IPSE makes the case for raising the VAT threshold
The UK freelancer body IPSE says a higher VAT threshold would stimulate small business growth and encourage innovation.
IPSE has made the case for a higher threshold in its official submission to the Government’s VAT call for evidence. It has warned against decreasing the current £85,000-threshold, saying that this would actively discourage the self-employed and many small businesses from growing beyond the threshold and provide EU businesses with an economic advantage.
Instead, IPSE is calling on the Government to raise the threshold in line with the Retail Price Index (RPI). The VAT threshold was pegged to the RPI from 1980 until it was frozen in 2017.
Andy Chamberlain, IPSE’s deputy director of policy, said: “Lowering the VAT threshold would be disastrous for the UK economy … It would be an inhibiting move that would serve only to impede business growth and drag more people into red tape.
“The cashflow problems caused by such a move would mean people would face the stark choice of either raising their prices - causing them to lose customers - or absorbing the cost themselves, which would do significant damage to their businesses.”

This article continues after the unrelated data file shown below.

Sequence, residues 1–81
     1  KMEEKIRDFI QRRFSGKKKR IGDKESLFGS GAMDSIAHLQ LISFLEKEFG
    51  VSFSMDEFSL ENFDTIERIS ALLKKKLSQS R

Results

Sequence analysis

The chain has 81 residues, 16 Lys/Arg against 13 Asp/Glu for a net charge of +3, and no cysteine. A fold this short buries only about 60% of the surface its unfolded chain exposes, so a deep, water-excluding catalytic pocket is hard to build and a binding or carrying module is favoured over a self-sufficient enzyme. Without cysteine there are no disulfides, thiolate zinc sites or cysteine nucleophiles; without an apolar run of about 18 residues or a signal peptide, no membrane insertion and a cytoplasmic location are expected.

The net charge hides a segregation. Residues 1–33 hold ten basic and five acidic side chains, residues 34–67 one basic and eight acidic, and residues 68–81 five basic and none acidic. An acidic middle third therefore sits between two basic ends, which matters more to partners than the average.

Chamberlain said the VAT threshold was “effectively cut” in the Autumn Budget in 2017 when the Government stopped indexing it in line with RPI.
“Increasing the VAT threshold in line with RPI would provide businesses with that much needed certainty as our imminent withdrawal from the EU approaches,” he said. “Presently, the self-employed contribute £271 billion to the UK economy every year - that’s enough to fund the NHS, twice. Increasing the VAT threshold would create a nurturing environment for our smallest business to thrive, expand and further increase the overwhelming value they provide.”